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Journalist, Educator Rafael Lorente to Expand Efforts Reimagining Education and Emphasizing Diversity, Student Opportunities
Photo courtesy of the Philip Merrill College of Journalism
The University of Maryland has named Rafael Lorente dean of the Philip Merrill College of Journalism, effective July 1.
As dean, Lorente will provide strong and visionary leadership for the college; support an environment of diversity and inclusive excellence in teaching and learning; and promote a culture of impactful research, scholarship and creative activities. Lorente will work among the college’s students, faculty, staff and alums to effectively advance its mission.
“Over the past 20 years, Rafael has proven his commitment to everything our university values and strives for: creating a diverse and inclusive community, providing our students unparalleled opportunities and pursuing excellence in everything we do,” said Senior Vice President and Provost Jennifer King Rice. “Under his leadership, the Philip Merrill College of Journalism will teach the next generation of journalists to research, investigate and contextualize the grand challenges of our time.”
Lorente currently serves as associate dean for academic affairs and director of the master's program for Merrill College. In these roles, he works to connect research and practice to courses throughout the curriculum and collaborates with the journalism industry to facilitate partnerships and internships. He has steered the restructuring of the college’s curriculum toward strategic areas, including data journalism, changing business models and investigative journalism. With a particular focus on increasing diversity in the college’s master’s program, Lorente’s leadership has resulted in cohorts that average 40% students of color.
During his tenure, Lorente has worked closely with national news outlets to elevate opportunities for UMD’s journalism students. He initiated a partnership with the Associated Press, making Capital News Service one of the first student-staffed news services in the country to be distributed nationally by the wire service. He helped oversee a multi-university partnership for student coverage of the national political conventions in 2016, allowing UMD journalism students to report from the residence of the U.S. ambassador in London. He also worked with USA Today to create a co-taught class featuring a UMD faculty member and the company’s senior director of news strategy.
“I believe passionately in the power of journalism to right wrongs and create more level playing fields, and I believe in the power of universities and journalism programs to do the same,” said Lorente. “Merrill College and the University of Maryland are uniquely positioned to tackle the grand challenge of reimagining journalism education in the service of democracy, and in alignment with the university’s strategic plan. I am honored to lead these efforts as the college’s next dean.”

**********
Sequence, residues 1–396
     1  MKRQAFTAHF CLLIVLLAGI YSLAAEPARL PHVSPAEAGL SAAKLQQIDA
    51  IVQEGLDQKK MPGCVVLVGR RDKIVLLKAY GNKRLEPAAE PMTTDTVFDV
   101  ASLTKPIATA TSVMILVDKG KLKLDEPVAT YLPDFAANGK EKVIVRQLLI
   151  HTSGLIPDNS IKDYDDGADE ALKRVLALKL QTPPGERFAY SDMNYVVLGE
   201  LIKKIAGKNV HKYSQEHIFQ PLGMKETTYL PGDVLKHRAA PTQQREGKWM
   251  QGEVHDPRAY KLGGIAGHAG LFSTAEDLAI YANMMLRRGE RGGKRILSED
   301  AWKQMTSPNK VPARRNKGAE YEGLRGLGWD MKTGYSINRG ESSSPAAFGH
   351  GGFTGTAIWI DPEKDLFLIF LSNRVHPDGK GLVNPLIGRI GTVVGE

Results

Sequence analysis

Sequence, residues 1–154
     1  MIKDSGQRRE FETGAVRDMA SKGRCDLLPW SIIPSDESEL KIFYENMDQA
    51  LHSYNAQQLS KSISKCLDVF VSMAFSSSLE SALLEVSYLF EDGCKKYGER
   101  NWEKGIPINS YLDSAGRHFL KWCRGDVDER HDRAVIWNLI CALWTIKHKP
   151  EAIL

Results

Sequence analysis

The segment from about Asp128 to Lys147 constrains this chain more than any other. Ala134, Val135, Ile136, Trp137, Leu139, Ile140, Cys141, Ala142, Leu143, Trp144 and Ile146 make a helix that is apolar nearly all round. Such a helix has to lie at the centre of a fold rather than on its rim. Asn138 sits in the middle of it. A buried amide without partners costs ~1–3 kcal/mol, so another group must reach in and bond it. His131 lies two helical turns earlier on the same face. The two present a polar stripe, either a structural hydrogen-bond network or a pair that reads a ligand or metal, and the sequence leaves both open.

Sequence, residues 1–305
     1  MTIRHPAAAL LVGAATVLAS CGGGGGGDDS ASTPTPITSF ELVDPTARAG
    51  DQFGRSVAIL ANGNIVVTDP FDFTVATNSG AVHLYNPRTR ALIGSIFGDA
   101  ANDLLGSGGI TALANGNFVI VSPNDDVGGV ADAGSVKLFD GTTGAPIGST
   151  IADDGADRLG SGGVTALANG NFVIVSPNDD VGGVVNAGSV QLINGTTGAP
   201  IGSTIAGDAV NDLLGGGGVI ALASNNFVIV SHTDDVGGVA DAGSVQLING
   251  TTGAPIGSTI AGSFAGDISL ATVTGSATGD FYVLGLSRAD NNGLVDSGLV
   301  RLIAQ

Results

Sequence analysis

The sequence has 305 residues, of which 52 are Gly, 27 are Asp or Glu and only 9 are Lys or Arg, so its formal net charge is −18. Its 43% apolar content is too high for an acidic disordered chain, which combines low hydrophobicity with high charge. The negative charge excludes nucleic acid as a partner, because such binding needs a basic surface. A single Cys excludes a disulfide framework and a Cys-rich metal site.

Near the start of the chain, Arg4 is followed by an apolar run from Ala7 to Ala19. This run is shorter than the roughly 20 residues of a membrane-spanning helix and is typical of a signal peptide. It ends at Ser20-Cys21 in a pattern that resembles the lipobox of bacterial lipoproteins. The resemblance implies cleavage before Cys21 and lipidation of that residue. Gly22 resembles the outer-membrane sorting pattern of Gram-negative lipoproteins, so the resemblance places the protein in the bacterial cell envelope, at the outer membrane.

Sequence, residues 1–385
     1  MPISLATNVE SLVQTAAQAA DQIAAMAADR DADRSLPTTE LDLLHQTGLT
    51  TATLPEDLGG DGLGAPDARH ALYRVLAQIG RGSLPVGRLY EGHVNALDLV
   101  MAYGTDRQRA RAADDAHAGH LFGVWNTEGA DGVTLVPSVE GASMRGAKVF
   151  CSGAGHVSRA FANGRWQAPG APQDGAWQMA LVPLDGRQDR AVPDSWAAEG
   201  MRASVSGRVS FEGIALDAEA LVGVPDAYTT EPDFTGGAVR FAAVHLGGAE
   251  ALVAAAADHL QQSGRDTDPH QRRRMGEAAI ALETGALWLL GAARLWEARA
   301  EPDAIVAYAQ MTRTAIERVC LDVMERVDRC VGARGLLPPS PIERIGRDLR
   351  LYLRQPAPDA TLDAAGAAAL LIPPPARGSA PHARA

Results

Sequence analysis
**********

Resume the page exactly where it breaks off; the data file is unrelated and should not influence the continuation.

Lorente has led multiple innovative efforts to advance the college’s offerings. He helped lead a team of faculty and staff that put together the successful proposal for a three-year, $3 million grant for investigative journalism from the Scripps Howard Foundation to create the Howard Center for Investigative Journalism. He also co-led the interdisciplinary team that developed a master’s degree in data journalism to be offered jointly with the College of Information Studies.
Previously, Lorente was a senior lecturer in the college and served as both the Washington and Annapolis bureaus’ director for the college’s Capital News Service. Prior to joining academia, Lorente was a reporter for the South Florida Sun-Sentinel, particularly focused on legislative and political matters and higher education. He covered the 2000 and 2004 presidential elections, the attacks of Sept. 11, and U.S.-Cuba relations.
He serves as vice chair of a national committee for the Accrediting Council on Education in Journalism and Mass Communication; on the board of directors for both the Center for Media Integrity of the Americas and the National Press Foundation; and chairs the D.C. Regional Planning Committee for Phillips Academy, Andover. He also recently served on the board of directors for the National Press Club Journalism Institute.
Lorente holds a master’s degree from UMD in journalism and a bachelor’s degree from the University of Miami in English, politics and public affairs.
He will succeed Lucy Dalglish, who has led Merrill College for 11 years. Her contributions included establishing the Howard Center and creating the George Solomon Endowed Chair in Sports Journalism. She received the Administrator of the Year Award from the Scripps Howard Foundation and the Association for Educators in Journalism and Mass Communication in 2021.
“I am particularly grateful that Dean Dalglish agreed to serve one year beyond the typical two five-year-term tenure of UMD deans to help ensure a successful accreditation process for the Merrill College this year,” said Senior Vice President and Provost Jennifer King Rice. “Her work has made a tremendous impact on the college, and given its next leader a solid foundation upon which to build.”
Rice also thanked the search committee, led by College of Information Studies Dean Keith Marzullo, for its work to identify finalists for the position.
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